Hearthstone Battlegrounds players are using a Windows firewall exploit to get extra turn time

Cap'n Hoggarr

(Image credit: Blizzard)

All Battlegrounds players have been there: scrambling against the timer, furiously buying and selling like the market in frozen concentrated OJ has collapsed, only to end with unspent mana, minions stuck in hand, and a board that looks like it could be overrun by the boy scouts. I tend to just blame my 'boomer APM' and take the L, but other players have turned to more unscrupulous methods to sneak a little extra clicking time.

It’s been known since the middle of last year that you can disconnect the game towards the end of the recruit phase, skip combat entirely, and then reconnect and get extra time in the next recruit phase. The point of doing these DC shenanigans is to enable longer windows in which to pull off particularly explosive buying sprees. That often involves using Khadgar and Brann Bronzebeard to spam token minions into triples (as shown in the video further down the page), or using the right combo of Pirates to generate infinite gold

Presumably that particular exploit hasn’t been addressed because switching the game off and on again is somewhat risky when it comes to timing it correctly, and the feature is intended to stop players who get legitimately disconnected from being severely disadvantaged. However, more problematic is a new exploit which involves altering the Windows firewall settings on your PC, allowing you to add to the turn timer almost instantly without having to close the client.

It puts you in a situation where you are facing a turn 16 quality board on turn eight,


I won't explain exactly how the exploit works for obvious reasons, but you can find the method online easily enough. Unsurprisingly, it’s particularly prevalent in high MMR lobbies. I spoke to Slysssa and Kripparrian, two of the best Battlegrounds streamers in the world, about the problem. "It feels like every game that tokens are available at least one person is exploiting in high level lobbies," said Slyssa. "It’s becoming more and more common as people learn how to perform Khadgar transitions and how to install the firewall exploit."

"The good players have figured out most of the concepts and general strategy,” explained Kripp.  "This exploit is often the one thing that separates players around 12k MMR from those around 14k MMR. As there are not many players above 10k MMR, when queuing in this range you are often going to experience one or two players with the ability to do this if needed.”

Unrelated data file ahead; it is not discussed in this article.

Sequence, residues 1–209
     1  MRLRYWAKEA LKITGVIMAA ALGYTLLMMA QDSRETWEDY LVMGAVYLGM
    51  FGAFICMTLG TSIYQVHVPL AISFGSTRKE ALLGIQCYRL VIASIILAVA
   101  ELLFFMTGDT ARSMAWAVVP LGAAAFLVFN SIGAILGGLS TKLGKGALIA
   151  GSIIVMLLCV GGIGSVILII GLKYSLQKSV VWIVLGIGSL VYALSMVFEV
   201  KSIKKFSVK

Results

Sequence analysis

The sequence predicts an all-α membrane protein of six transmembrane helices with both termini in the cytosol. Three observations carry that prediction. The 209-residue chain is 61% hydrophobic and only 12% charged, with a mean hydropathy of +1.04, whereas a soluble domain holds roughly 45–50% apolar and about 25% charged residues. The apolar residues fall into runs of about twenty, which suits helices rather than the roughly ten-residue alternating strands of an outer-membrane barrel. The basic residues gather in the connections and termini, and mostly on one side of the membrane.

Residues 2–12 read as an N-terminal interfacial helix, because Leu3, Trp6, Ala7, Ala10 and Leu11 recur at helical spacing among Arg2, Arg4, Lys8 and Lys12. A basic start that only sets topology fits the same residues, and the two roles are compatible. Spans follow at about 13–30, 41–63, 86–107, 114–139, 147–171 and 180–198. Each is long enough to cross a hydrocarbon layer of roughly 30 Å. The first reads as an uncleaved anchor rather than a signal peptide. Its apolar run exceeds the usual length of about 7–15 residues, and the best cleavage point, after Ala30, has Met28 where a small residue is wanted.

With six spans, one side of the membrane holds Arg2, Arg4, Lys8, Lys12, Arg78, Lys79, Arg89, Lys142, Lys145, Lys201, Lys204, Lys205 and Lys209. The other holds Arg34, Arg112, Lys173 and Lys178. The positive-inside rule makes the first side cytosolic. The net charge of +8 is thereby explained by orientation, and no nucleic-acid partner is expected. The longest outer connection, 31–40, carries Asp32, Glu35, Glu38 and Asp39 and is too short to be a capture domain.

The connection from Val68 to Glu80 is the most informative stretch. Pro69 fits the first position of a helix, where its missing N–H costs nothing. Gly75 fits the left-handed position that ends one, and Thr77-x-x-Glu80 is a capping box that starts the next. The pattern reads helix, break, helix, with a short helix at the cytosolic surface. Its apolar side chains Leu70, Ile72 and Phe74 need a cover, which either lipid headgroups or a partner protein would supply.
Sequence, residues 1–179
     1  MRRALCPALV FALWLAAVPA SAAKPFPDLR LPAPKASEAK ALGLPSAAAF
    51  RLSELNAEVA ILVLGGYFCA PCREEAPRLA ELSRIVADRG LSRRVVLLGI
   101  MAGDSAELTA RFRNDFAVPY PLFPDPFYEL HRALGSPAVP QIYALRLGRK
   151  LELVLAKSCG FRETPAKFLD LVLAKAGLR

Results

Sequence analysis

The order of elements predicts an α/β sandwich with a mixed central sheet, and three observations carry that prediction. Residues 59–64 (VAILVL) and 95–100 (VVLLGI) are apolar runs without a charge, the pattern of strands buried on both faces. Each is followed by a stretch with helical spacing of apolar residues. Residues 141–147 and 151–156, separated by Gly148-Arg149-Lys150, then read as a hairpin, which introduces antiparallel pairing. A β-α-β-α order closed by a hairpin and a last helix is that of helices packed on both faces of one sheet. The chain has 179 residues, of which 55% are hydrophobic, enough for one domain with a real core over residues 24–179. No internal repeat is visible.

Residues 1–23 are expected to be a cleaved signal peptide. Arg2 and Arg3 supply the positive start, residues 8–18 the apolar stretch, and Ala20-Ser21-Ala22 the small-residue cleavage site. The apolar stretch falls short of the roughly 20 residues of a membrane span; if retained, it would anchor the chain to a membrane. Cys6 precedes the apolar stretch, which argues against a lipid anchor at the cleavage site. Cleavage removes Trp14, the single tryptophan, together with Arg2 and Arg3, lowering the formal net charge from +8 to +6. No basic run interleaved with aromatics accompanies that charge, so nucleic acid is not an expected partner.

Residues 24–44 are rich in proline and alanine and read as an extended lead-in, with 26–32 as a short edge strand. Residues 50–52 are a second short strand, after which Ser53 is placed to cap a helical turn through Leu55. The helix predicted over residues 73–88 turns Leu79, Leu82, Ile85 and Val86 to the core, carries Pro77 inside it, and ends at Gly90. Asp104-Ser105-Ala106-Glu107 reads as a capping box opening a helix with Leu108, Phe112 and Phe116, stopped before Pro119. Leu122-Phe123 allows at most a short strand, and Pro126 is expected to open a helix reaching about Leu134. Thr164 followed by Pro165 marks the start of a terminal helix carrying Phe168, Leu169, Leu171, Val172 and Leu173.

I asked Slyssa how she knows an opponent is potentially exploiting, and she told me that a dead giveaway is when you enter the recruit phase and that player gets 10+ triples immediately. "If you see a ton concurrently [then] chances are they got to the shop before you [and] therefore disconnected." Sylssa says facing exploiters is very frustrating, and has become more so with the addition of spells to the game, one of which offers double Battlecry effects, which enables even nuttier turns. "It puts you in a situation where you are facing a turn 16 quality board on turn eight, which is something you really can’t play around."

Kripp also noted that Pirate builds with absurd stats early in the game is a telling sign. Here the problem stems from that tribe's ability to generate additional gold. "Time is the only thing needed with an infinite gold economy," he explained. “It has certainly made me enjoy higher ranking games much less. Being eliminated by Pirate builds that are impossible with normal game mechanics is very frustrating and seems to only happen north of 10k [MMR]." As a result Kripp has deliberately reduced his MMR to find fairer matches at lower ranks.

Clearly something needs to be done for the health of the mode, which—exploits notwithstanding—has become the most popular part of Hearthstone. I’ve asked Blizzard to confirm that it’s aware of the problem and what plans are in place to address it. I’ll update you when I hear back. [UPDATE] A Blizzard spokesperson responded to say that  "The team is aware and looking into it. No further information to share as of now."

Tim Clark

With over two decades covering videogames, Tim has been there from the beginning. In his case, that meant playing Elite in 'co-op' on a BBC Micro (one player uses the movement keys, the other shoots) until his parents finally caved and bought an Amstrad CPC 6128. These days, when not steering the good ship PC Gamer, Tim spends his time complaining that all Priest mains in Hearthstone are degenerates and raiding in Destiny 2. He's almost certainly doing one of these right now.